To come to these results, the researchers looked at rural Gambia. They selected this West African country for their study due to the climate: the single, annual rainy season creates a “hunger” and “harvest” period. Mothers and fathers who were born during the hunger period were noted for being “nutritionally stressed in utero”, and from here the researchers analyzed the effects on their offspring.
Using 31 multiple regression tests, the team analyzed Gambian children who were born between 1972 and 2011, scrutinizing the consequences of parental birth seasons on the participants' birth weights and lengths, and their size at two years old.
“Our results indicate that periods of nutritional restriction in a parent’s fetal life can have intergenerational consequences in human populations,” the researchers wrote in their study. They found that mothers influenced the growth of babies in the womb, while fathers impacted postnatal growth. (Related: Is this why children have poor motor skills? Vitamin D deficiency in pregnancy linked to lack of physical coordination in children)
Dr. Andrew M. Prentice, one of the authors of the study and a professor at the London School of Hygiene and Tropical Medicine in London, said of their findings: “This study shows that it may take several generations to eliminate growth failure and stunting because of these intergenerational influences.”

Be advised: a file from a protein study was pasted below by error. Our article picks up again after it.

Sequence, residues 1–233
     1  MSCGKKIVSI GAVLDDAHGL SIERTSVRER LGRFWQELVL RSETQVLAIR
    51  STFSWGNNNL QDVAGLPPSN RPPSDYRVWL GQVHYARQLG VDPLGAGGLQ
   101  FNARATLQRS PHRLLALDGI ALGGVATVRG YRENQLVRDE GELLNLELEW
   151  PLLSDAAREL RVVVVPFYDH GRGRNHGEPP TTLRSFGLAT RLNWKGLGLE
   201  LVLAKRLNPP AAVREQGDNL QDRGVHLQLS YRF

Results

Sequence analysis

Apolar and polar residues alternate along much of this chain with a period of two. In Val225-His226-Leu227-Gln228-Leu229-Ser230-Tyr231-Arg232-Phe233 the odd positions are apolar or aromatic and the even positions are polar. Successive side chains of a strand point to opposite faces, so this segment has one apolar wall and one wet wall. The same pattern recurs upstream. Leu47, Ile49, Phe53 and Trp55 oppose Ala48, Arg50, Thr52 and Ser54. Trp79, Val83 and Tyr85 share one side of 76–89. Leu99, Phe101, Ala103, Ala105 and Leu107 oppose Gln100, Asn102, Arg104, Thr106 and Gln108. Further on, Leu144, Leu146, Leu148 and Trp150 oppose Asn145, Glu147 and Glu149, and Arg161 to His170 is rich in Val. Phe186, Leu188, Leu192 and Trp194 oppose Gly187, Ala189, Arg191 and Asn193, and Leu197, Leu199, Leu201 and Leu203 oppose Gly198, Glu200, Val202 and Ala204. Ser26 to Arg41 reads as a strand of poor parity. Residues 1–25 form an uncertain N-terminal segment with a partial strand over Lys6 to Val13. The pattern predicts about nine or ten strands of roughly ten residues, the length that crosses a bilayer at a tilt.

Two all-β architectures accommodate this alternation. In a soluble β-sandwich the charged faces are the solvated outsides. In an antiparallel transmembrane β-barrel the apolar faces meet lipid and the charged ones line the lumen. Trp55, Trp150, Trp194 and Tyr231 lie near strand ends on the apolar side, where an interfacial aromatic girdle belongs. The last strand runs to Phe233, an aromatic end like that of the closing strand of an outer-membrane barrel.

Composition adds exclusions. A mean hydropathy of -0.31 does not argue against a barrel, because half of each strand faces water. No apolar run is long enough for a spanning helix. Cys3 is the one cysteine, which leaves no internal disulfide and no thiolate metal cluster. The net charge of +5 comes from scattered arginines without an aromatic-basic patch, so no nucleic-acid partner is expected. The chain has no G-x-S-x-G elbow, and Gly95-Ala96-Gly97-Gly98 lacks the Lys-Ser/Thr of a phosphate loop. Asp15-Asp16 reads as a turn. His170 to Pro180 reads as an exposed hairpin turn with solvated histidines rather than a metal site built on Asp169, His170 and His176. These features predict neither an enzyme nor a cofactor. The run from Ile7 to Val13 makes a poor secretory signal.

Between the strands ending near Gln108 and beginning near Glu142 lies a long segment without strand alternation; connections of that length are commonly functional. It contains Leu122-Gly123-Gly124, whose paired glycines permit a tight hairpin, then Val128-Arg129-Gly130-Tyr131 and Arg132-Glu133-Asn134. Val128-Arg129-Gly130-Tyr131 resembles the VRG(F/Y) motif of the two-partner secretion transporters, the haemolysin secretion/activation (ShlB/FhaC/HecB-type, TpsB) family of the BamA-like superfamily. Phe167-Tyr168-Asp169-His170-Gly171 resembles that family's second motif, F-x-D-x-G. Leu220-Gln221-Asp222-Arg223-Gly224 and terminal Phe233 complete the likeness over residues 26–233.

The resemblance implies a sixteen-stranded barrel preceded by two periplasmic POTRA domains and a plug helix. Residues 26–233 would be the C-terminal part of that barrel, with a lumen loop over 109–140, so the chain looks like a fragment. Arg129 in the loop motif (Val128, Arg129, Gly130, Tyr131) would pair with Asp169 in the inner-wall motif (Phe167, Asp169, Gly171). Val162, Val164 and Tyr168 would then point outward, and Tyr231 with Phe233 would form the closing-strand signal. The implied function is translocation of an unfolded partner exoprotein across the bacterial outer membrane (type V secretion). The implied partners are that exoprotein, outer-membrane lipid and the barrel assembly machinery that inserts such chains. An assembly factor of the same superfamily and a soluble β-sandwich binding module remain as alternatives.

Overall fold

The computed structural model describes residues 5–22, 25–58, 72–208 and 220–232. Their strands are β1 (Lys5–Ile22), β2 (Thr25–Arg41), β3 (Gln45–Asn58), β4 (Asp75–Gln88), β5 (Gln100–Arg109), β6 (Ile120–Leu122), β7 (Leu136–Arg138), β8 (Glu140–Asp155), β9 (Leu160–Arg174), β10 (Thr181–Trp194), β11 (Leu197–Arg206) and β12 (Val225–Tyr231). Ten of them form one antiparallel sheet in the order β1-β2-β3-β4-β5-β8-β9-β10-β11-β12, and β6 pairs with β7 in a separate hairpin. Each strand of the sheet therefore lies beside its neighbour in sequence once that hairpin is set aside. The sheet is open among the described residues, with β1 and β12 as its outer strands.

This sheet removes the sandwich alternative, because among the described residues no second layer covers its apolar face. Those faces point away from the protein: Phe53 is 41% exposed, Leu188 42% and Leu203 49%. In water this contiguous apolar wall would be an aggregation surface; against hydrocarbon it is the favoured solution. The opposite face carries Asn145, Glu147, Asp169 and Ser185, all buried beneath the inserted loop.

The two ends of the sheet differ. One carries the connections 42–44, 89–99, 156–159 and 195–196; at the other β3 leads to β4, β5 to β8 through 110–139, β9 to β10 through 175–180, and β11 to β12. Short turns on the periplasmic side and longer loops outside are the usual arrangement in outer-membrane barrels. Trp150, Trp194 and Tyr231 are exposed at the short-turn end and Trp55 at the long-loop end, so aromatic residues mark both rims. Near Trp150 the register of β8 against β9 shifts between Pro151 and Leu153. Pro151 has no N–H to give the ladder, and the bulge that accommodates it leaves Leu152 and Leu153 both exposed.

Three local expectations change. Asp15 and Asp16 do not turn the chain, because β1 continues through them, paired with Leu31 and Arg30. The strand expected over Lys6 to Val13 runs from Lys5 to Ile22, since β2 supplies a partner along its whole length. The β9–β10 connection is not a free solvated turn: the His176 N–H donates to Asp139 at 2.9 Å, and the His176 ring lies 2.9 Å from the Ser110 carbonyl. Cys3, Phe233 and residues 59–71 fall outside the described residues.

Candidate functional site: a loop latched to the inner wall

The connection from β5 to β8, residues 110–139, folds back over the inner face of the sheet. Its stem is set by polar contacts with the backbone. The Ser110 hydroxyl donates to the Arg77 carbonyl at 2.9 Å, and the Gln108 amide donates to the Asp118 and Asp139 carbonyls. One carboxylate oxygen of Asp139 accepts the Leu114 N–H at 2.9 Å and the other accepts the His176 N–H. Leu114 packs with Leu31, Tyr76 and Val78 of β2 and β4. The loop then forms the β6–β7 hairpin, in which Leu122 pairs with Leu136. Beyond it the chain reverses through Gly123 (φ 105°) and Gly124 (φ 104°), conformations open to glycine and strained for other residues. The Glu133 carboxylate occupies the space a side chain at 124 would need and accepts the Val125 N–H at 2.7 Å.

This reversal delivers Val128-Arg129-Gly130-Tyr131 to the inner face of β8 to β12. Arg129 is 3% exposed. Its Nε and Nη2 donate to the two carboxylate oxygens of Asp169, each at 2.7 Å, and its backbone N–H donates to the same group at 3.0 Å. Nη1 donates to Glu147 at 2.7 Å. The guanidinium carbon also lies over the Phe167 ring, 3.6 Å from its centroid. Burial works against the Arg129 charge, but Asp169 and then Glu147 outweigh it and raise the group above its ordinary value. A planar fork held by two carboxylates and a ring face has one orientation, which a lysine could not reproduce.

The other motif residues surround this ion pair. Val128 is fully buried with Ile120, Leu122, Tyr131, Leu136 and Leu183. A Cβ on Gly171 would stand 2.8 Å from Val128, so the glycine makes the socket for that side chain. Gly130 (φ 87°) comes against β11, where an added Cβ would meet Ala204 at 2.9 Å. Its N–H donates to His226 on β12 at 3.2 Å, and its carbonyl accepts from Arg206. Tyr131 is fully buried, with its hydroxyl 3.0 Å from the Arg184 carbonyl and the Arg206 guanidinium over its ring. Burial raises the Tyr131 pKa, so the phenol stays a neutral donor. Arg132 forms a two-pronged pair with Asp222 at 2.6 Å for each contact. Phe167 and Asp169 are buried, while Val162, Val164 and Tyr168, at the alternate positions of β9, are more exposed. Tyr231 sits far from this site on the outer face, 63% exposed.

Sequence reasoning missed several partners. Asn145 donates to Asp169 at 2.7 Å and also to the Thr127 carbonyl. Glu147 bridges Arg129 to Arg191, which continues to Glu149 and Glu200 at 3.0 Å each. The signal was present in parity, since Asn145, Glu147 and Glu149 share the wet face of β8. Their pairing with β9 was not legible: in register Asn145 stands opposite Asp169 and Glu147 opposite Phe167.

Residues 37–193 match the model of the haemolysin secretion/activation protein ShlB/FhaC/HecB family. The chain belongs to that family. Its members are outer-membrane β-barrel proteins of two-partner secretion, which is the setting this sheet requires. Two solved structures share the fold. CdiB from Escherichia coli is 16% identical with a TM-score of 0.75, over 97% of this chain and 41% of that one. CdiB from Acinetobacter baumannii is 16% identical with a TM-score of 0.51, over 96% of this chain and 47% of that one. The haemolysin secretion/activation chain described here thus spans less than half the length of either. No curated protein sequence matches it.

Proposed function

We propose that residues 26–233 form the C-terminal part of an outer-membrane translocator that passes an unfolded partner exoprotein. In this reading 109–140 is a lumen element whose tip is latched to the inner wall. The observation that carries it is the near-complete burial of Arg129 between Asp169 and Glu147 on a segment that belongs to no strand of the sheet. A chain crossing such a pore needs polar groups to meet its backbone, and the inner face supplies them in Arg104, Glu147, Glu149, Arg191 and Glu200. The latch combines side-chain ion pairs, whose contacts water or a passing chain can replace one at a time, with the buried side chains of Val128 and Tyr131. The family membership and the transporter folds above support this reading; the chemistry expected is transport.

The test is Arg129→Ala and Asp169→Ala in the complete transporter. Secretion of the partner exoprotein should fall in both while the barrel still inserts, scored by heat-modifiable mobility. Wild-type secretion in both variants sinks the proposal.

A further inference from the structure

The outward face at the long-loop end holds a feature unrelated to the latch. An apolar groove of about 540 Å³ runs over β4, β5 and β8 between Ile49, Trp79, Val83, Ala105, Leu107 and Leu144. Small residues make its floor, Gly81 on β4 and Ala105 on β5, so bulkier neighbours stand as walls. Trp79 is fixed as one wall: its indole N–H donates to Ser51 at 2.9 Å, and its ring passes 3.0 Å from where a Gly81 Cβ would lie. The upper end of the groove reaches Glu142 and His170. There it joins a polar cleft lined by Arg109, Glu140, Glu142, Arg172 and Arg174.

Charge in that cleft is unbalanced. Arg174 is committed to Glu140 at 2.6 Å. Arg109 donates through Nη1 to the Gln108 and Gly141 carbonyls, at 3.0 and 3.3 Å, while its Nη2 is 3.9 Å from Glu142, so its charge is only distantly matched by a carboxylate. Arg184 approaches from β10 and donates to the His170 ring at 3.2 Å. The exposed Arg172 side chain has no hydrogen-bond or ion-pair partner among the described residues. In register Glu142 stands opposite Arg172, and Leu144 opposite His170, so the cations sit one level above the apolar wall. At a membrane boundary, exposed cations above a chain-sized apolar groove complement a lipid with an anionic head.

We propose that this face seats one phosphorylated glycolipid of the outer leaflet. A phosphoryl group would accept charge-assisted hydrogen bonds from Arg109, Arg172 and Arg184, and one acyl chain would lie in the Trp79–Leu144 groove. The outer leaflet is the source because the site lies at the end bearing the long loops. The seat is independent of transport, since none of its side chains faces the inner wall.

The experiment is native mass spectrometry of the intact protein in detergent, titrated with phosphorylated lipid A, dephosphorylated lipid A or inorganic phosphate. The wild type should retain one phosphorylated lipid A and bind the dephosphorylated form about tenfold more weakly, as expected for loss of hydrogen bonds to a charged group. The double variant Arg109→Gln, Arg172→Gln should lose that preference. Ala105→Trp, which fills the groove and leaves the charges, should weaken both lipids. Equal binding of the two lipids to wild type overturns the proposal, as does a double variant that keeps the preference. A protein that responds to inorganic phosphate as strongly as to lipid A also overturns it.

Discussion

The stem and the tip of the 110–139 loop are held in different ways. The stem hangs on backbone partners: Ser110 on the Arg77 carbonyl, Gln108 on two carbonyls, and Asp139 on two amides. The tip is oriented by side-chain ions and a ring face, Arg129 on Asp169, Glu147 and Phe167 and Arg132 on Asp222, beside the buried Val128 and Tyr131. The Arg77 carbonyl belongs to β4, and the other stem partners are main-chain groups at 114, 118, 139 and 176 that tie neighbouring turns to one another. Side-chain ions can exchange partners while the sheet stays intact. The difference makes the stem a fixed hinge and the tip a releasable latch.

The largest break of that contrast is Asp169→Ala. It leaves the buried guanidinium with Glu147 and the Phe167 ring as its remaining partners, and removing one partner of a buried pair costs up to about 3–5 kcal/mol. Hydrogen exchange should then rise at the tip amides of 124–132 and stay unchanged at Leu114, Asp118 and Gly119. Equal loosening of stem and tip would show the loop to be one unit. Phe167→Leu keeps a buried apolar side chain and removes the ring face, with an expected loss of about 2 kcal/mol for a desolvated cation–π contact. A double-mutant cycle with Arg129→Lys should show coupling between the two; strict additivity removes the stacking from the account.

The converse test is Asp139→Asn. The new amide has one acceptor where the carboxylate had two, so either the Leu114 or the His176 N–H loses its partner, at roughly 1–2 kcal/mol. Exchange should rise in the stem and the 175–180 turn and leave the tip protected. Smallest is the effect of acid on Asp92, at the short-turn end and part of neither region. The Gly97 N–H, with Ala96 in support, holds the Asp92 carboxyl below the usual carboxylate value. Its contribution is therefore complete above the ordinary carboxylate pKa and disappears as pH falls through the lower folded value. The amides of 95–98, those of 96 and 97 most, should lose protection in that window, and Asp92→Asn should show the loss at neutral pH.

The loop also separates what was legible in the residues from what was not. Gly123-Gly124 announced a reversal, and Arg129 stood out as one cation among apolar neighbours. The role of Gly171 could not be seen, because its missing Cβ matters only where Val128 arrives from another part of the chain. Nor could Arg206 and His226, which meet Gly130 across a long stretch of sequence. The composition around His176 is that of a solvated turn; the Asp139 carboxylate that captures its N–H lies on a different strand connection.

Prentice then added: “Nutritional interventions such as dietary supplementation programs in poor populations are frequently undermined by an apparent absence of immediate impact.”
On the other side of the spectrum, another study found that consuming a high-fat diet during pregnancy is just as harmful to succeeding generations. According to the researchers behind this relatively recent study, eating fat-rich foods while pregnant can heighten a family's risk of breast cancer for up to three generations.
The researchers used a mouse model for their study and placed pregnant mice on high-fat diets on the tenth day of their gestation, a time which corresponds with a pregnant woman's second trimester. Any genetic changes that occur during this period of development are passed on to the offspring in the womb. These genetic changes were observed in the second and third of the high-fat mice generations, which included reduced anti-cancer immunity, greater breast cancer risk, and boosted resistance to cancer treatment.
"Studies have shown that pregnant women consume more fats than non-pregnant women, and the increase takes place between the first and second trimester,” remarked study author Dr. Leena Hilakivi-Clarke. “Of the 1.7 million new cases of breast cancer diagnosed in 2012, 90 percent have no known causes. Putting these facts, and our finding, together, really does give food for thought.”
Whether consuming too little or too much, the nutritional choices that parents make can leave a lasting impression on their progeny. Both studies can be viewed as cautionary tales so that parents can make the right decisions on dietary practices for the sake of their children, and their children's children.
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